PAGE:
The 5 Hacking NewsLetter 105

Hey hackers! These are our favorite resources shared by pentesters and bug hunters last week.

This issue covers the week from 01 to 08 of May.

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Our favorite 5 hacking items

1. Article of the week

Decrypting and analyzing HTTPS traffic without MITM

This article revisits a known technique for decrypting TLS traffic of mobile apps. It shows why Man-in-The-Middle is not always the best method, since bypassing certificate pinning or client certificate authentication can be complicated.

The idea is to use Frida to steal the session key, sniff traffic with Wireshark and decrypt it in real time by providing Wireshark with the session key, and finally import the requests to Burp using the PDML importer for Burp Suite.

2. Writeup of the week

DOM XSS in Gmail with a little help from Chrome (Google, $5,000)

This is a cool DOM XSS found in Gmail. So, no recon, no looking for obscure or forgotten subdomains. @opnsec used the main site, focused on the postMessage API and understanding how the different iframes communicate with each other.

He used postMessage-logger to make cross-frames messages visible in DevTools, and analyzed the different requests and JS code to get a working PoC.

Moral of the story: DOM XSS is still a thing, complicated front-end code like Gmail’s won’t be confusing if you know exactly what to focus on (e.g. postMessage), and if DevTools is lacking a feature, develop your own extension!

3. Videos of the week

The first one is an interview of @albinowax. Anyone interested in Web app hacking, bug bounty or security research should watch it. He talk about his learning process, how he leverages automation and bug bounty for research, how he chooses research topics, etc.

The second video is a talk by @InsiderPhD on API hacking. She shares her approach, the bugs to look for, with demonstrations using a custom vulnerable API.

4. Tool of the week

Transformations

Transformations is a new tool by @jobertabma that helps find out how inputs are transformed by Web apps. For instance, let’s say that a server responds with c1aa46d751f1ffa58481418667134109ac5f573c, when you give it test. Feeding both strings to the tool will tell you that the transformations performed are stringReverse(sha1(md5(md5("test")))).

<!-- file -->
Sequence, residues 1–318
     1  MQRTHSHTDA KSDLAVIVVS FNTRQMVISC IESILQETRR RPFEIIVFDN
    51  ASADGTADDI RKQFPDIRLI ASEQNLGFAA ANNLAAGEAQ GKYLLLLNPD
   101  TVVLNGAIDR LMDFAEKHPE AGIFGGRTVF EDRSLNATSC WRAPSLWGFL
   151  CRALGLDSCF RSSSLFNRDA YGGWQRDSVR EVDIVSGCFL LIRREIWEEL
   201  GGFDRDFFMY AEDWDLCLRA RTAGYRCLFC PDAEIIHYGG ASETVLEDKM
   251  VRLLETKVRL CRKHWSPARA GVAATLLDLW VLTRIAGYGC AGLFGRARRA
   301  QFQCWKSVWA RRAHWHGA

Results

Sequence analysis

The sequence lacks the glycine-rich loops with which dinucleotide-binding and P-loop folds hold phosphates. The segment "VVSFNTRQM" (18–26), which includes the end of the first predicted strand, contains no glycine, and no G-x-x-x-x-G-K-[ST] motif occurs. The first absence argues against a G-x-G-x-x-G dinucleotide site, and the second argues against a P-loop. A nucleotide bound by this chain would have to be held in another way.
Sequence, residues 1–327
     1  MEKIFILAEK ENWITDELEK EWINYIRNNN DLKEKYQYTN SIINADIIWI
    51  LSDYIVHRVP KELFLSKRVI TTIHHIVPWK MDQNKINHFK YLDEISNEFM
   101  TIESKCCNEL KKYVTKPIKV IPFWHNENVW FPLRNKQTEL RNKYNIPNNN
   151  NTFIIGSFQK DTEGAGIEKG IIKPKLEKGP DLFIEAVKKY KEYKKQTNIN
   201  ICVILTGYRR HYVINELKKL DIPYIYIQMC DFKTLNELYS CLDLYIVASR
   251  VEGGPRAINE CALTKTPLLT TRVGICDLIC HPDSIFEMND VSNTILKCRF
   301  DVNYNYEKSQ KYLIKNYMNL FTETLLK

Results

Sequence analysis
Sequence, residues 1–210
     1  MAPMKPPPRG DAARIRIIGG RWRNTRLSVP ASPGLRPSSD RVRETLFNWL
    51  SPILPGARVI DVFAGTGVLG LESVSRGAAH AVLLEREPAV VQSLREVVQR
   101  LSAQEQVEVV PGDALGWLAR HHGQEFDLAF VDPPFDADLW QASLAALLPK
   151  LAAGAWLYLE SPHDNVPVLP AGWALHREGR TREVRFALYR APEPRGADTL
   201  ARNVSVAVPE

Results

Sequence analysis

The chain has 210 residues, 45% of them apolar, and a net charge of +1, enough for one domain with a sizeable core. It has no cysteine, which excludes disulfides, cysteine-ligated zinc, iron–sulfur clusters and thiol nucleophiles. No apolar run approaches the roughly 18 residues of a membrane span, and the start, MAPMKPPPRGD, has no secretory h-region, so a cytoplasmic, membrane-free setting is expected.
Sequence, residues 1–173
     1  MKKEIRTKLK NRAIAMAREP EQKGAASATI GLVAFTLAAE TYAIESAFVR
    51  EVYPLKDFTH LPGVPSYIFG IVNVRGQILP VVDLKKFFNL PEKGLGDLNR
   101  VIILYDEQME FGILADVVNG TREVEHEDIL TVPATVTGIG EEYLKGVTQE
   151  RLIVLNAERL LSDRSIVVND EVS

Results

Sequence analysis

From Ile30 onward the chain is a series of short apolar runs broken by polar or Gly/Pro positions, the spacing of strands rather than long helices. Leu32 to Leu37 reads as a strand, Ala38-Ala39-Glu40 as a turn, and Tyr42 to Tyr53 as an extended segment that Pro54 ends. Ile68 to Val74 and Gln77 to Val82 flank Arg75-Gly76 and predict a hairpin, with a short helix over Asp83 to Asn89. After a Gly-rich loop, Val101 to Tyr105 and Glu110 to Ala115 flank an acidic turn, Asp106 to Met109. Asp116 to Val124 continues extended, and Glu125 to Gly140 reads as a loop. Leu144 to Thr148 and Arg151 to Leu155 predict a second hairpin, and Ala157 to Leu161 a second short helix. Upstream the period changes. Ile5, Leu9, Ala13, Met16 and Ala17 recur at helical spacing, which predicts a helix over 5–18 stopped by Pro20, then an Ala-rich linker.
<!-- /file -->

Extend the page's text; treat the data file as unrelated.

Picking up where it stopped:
This can be useful for building payloads that bypass WAFs, or understanding seemingly random strings.

5. Tips of the week

Hackluke’s hacking advice:

These are the sweetest tips for bug hunters. @hakluke started tweeting short videos, each answering a specific question like the ones above. I love that he tells concise, no BS truths, in a light tone, the way only a real friend would do.

Make sure to follow him on Twitter to get any new ones!

Other amazing things we stumbled upon this week

Videos

Podcasts

Webinars & Webcasts

Conferences

Tutorials

Medium to advanced

Beginners corner

Writeups

Pentest writeups

Responsible(ish) disclosure writeups

Bug bounty writeups

See more writeups on The list of bug bounty writeups.

Tools

Misc. pentest & bug bounty resources

Challenges

Articles

News

Bug bounty & Pentest news

Reports

Vulnerabilities

Breaches & Attacks

Other news

Coronavirus

Non technical

Tweeted this week

We created a collection of our favorite pentest & bug bounty related tweets shared this past week. You’re welcome to read them directly on Twitter: Tweets from 05/01/2020 to 05/08/2020.


Curated by Pentester Land & Sponsored by Intigriti

Have a nice week folks!

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